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From the Acorn Grows the Mighty Oak

photos of girls basketball practice

FROM THE ACORN GROWS THE MIGHTY OAK

A cartoon girl spinning an acorn on her finger like a basketballThe gym at August Knodt Elementary is filled with the sound of sneakers squeaking, balls bouncing and whistles blowing: it’s basketball season in the Acorn League! For the first time since Spring 2020, competitive sports have returned to Manteca Unified elementary schools and not a moment too soon according to girls basketball coach (and PE teacher) Jarod Ballardo. He is excited to help his students grow as both players and as people.

Coach Ballardo normally has at least a few returning players on his roster, but this year they are starting from the very beginning; only one of the girls has played on a basketball team before. Practice opens with warm-ups and then focuses on fundamental drills: how to dribble, how to pass, how to shoot. According to him, they have the speed and athletic ability, but they need to build their stamina and develop their skills. One of the best parts of coaching for Ballardo is to see his players taking more pride in themselves and having more respect for others as the season progresses.

What they learn on the court is not just physical. The girls are learning how to communicate and how to be teammates after a time of limited face-to-face socialization. “Sports teach students many valuable life skills: responsibility, teamwork, critical thinking, and accepting criticism. One of the most important skills is communication. They learn how to communicate with peers and coaches,” said Acorn League Commissioner Christopher Graham.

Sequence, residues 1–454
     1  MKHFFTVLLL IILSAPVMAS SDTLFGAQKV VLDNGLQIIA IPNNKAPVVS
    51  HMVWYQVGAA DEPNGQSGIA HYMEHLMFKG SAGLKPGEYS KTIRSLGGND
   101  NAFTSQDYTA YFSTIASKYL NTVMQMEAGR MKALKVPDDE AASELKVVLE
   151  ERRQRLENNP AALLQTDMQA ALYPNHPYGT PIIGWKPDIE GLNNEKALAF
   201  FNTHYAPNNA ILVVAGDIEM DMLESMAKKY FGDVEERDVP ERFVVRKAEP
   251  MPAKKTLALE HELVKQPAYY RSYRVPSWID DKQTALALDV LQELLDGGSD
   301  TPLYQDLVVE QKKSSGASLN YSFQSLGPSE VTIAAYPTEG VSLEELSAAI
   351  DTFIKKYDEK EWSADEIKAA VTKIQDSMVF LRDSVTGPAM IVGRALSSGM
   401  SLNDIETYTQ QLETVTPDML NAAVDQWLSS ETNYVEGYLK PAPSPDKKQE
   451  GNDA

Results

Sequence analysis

“The greatest lesson I learned from playing a sport was how to work as a team and work with others even when you had differences,” said Coach Ballardo. Working together as a team is reinforced throughout the practice. Even during basics, like running warm-up laps, the players are reminded to run as a team and not leave slower teammates behind. They are reminded to call out when they are “open” for a pass and to ask for help when needed.

“I’ve wanted to play for a long time,” said 7th grader Alana McGee. Mike McGee Sr. said his daughter has never played on a team before but grew up watching her parents coach and older sister play at Lathrop High. The return of the Acorn League gave her an opportunity to play that was not available the last couple of years. Alana also hopes that her basketball workouts prepare her for track try outs in the spring. 

Eighth grader Alysha Hassan is the sole returning player on the team and she has two goals this year: to score more points than when she last played in 6th grade and to get to know her teammates. “I know a few,” she said. “But I haven’t gotten to know them all yet.” The Acorn League is back and will again allow Alysha and other MUSD elementary school students to strive to meet their goals athletically and socially.

a basketballThe Acorn League is MUSD’s elementary athletic program open to 6th–8th graders. In the Acorn League, student-athletes play against other MUSD elementary school teams while learning the fundamentals of their sport, rules, and sportsmanship in a positive and inclusive environment. Sports offered are basketball in the winter, track and field in the spring, and volleyball and cross country in the fall.

For more information on the Acorn League, contact your child’s school or Acorn League Commissioner Christopher Graham.